I will pass over the discussions of what might be done in the universities as to graduate work, undergraduate work, matriculation, and that kind of thing, in most of which you would not be interested. After four days of this Conference, which were diversified with a great deal of very splendid entertainment by the Lord Mayor and others, -most elaborate hospitality-most of us went to the other universities, to Oxford, where we were received with extreme kindness, to Birmingham, Manchester, Liverpool, Leeds, and Cambridge. Some of us had been before to the Scotch universities and all the delegates did not go to the same universities. When we entered these provincial universities we came into a new atmosphere. Most of you know something of Oxford and Cambridge, perhaps less of the provincial universities. These have sprung up in every city, and they have afforded openings for the youth of their city, partly on the old lines and partly on new lines. The old subjects are taught by men of the highest eminence, who are well paid. Some of the professional schools, particularly in medicine, are as fine as any in the country. I suppose the Medical School of Liverpool is one of the very best. Then especially the faculties and departments of applied science are developed to the utmost. It is in these developments of the provincial universities that you realize how awake England really is. Those cities are spending thousands of pounds on their own universities, and the universities are also generously supported by private gifts. The city of Birmingham spends £10,000 a year on the University of Birmingham, which has now a fine site and fine buildings. Liverpool spends more. The University of Manchester together with its great Technical School, which is practically its faculty of applied science, gets from the city of Manchester £26,000 a year. Leeds, I think, pays £10,000 a year. I do not say that these figures are exact, for I have not verified them for some time. None of those universities is within range of the University of Toronto as to size or the variety of its work. Manchester is the largest with 1,600 students; what is that to our 4,000? We spend two and a half million dollars in this city through staff and students, and how much does this city give to the University of Toronto? Only $6,000 rental for a piece of ground behind the park that is worth I suppose half a million, and that ground we need very badly. I believe that the city of Toronto has to give something to the University of Toronto in the future just out of self-respect-(laughter and applause)—and to keep in line with what they are doing in the Old Land. Look at Birmingham, Manchester, Leeds, Liverpool, Sheffield, Bristol-every one of them. The city of Toronto must keep up in the van. However, though I intended to speak of that I did not come merely for this purpose. The developments of these new universities are remarkable. They have applied their science to their industry, consquently in Manchester there is a large school in which dyeing is studied technically, and this is not merely a trade school ; it is a high grade trade school, but it is beyond the trade school stage, is really of the university rank. Investigations made in Manchester by Professor Perkins have become very well known, particularly of late his investigations into the composition of rubber. It will mean an enormous amount to the industry. In Leeds you have the textile industry developed to such an extent that the Cloth Workers Guild of London supports largely that side of the development in Leeds. The English are awake to what the Germans knew long ago, that industrial progress is in the long run dependent on science and the application of science to industry. Take away the universities and where is your science? The university is a necessity (and they know it) not only to the intellectual side of life, but to the material prosperity, industrial growth, and development of the country. The Germans have learned that remarkably well and Britain has awakened to it. Possibly that was the main impression that I gathered from visiting these provincial universities.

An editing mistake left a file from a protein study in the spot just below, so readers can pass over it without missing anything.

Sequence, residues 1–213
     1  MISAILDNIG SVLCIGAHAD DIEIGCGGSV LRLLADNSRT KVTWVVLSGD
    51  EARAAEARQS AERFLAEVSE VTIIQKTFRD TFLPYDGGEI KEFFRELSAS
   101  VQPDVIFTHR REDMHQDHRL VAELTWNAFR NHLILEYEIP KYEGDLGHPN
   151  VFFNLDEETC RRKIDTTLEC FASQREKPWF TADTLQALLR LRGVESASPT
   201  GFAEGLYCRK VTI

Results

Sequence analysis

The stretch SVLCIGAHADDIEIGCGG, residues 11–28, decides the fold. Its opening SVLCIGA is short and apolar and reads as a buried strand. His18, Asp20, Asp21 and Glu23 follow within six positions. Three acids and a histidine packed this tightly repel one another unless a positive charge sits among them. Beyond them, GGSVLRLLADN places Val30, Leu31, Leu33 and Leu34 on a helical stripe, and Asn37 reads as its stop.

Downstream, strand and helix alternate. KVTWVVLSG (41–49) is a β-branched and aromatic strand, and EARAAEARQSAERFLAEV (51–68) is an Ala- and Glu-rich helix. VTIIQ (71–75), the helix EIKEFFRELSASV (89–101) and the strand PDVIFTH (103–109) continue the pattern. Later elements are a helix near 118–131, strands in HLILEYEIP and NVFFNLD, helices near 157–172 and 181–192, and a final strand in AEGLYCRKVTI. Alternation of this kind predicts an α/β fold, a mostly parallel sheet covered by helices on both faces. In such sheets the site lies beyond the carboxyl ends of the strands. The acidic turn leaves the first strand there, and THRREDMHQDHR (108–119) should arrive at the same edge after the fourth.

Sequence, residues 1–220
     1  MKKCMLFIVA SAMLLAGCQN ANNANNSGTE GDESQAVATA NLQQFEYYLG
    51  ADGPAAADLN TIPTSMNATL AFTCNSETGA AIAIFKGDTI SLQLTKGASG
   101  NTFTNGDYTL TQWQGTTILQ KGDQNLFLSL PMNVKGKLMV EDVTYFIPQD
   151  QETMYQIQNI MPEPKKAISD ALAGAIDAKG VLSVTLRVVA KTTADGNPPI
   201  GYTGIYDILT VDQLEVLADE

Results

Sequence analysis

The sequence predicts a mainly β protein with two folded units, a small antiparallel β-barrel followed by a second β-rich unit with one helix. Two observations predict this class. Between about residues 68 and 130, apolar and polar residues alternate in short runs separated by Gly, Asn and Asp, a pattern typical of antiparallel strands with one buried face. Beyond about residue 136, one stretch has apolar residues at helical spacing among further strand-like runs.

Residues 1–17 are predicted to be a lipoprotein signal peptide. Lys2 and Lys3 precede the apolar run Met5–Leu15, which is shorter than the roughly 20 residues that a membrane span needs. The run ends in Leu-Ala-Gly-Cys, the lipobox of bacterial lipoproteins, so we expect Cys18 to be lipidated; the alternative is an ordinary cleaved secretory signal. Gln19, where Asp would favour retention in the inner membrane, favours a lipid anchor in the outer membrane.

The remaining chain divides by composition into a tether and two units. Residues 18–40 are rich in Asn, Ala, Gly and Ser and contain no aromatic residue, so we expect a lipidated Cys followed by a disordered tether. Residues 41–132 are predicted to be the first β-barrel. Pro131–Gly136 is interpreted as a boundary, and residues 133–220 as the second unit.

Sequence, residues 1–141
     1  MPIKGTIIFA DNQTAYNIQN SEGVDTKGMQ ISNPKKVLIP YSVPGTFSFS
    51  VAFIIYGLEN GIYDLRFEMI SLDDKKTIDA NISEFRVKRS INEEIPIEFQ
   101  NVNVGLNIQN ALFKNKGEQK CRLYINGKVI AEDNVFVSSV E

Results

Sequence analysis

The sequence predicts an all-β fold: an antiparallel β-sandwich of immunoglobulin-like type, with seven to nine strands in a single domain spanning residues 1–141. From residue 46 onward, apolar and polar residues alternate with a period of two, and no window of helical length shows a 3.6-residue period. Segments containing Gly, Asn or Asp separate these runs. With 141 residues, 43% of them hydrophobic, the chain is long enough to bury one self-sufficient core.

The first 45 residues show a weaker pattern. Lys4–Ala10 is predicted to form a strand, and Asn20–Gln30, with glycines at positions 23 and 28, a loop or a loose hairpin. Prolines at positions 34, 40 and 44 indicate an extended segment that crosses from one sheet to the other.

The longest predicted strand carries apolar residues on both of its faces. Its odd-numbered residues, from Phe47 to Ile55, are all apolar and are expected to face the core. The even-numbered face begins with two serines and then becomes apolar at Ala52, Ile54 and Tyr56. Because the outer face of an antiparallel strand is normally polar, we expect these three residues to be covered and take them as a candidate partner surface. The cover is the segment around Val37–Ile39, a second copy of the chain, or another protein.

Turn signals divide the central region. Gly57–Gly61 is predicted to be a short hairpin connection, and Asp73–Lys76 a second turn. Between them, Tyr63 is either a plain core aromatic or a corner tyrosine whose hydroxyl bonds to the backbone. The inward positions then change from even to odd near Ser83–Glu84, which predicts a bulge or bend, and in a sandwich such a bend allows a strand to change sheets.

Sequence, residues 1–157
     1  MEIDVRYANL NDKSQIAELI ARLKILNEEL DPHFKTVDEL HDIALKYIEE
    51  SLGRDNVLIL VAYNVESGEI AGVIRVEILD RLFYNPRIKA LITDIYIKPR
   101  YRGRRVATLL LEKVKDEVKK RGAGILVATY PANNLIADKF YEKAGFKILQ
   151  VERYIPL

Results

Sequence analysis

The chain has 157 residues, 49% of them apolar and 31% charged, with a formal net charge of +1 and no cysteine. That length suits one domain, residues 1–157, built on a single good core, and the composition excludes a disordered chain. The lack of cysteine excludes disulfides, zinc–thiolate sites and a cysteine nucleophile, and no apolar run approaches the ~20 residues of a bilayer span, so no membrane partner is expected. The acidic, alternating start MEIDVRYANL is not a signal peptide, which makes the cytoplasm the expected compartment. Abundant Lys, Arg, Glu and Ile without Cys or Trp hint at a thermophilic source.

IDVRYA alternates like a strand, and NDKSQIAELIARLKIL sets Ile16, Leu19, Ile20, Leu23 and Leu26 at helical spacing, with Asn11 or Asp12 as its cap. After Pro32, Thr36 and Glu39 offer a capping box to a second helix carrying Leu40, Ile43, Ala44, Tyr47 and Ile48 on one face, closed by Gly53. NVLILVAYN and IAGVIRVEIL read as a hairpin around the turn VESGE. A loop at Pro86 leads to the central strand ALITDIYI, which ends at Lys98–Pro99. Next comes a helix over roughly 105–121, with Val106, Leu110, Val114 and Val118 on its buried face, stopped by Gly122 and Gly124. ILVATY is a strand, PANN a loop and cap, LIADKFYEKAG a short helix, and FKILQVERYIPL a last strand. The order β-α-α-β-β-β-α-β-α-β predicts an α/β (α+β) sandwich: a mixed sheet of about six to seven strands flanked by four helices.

Let me close by making one or two quotations from what was said by Lord Rosebery and Lord Curzon with regard to the work of a university. While we lay great stress upon industry, the development and advancement of industry, and the growth of the scientific spirit in all departments of our life, still we come back to this that was emphasized at the Congress of the Universities, and that must be emphasized still as Lord Rosebery said, “The formation of the character of the average man to serve in the public life of the Empire, is the function after all of the University." And too great stress cannot be laid upon that, Mr. Chairman. The old faculty of Arts must be maintained at its height, and it is being maintained in Britain, and I believe through the Empire also. In Toronto it is still far and away the leading faculty. We have nearly 2,000 students in Arts, over 1,100 in University College. The standard is keeping up and the numbers are keeping up. But after all, whether it be in the professions or whether it be in industrial activity, behind them all is the University spirit, the